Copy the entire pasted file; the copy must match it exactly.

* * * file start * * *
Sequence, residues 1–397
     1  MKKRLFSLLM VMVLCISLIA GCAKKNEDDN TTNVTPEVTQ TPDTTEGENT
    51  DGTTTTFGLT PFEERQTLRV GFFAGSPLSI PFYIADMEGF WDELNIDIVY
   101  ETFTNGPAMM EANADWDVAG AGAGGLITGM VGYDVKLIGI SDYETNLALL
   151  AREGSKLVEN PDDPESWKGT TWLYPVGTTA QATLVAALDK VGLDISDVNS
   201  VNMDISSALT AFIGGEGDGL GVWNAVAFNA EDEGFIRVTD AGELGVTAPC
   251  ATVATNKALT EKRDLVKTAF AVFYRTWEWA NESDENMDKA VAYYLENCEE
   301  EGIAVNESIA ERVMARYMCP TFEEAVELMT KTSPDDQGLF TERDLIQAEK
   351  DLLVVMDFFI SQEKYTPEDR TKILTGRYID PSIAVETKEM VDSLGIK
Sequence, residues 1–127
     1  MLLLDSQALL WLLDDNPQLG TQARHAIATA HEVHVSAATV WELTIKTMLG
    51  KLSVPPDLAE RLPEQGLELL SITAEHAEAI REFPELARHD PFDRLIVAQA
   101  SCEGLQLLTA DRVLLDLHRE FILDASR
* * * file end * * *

Sequence, residues 1–397
     1  MKKRLFSLLM VMVLCISLIA GCAKKNEDDN TTNVTPEVTQ TPDTTEGENT
    51  DGTTTTFGLT PFEERQTLRV GFFAGSPLSI PFYIADMEGF WDELNIDIVY
   101  ETFTNGPAMM EANADWDVAG AGAGGLITGM VGYDVKLIGI SDYETNLALL
   151  AREGSKLVEN PDDPESWKGT TWLYPVGTTA QATLVAALDK VGLDISDVNS
   201  VNMDISSALT AFIGGEGDGL GVWNAVAFNA EDEGFIRVTD AGELGVTAPC
   251  ATVATNKALT EKRDLVKTAF AVFYRTWEWA NESDENMDKA VAYYLENCEE
   301  EGIAVNESIA ERVMARYMCP TFEEAVELMT KTSPDDQGLF TERDLIQAEK
   351  DLLVVMDFFI SQEKYTPEDR TKILTGRYID PSIAVETKEM VDSLGIK
Sequence, residues 1–127
     1  MLLLDSQALL WLLDDNPQLG TQARHAIATA HEVHVSAATV WELTIKTMLG
    51  KLSVPPDLAE RLPEQGLELL SITAEHAEAI REFPELARHD PFDRLIVAQA
   101  SCEGLQLLTA DRVLLDLHRE FILDASR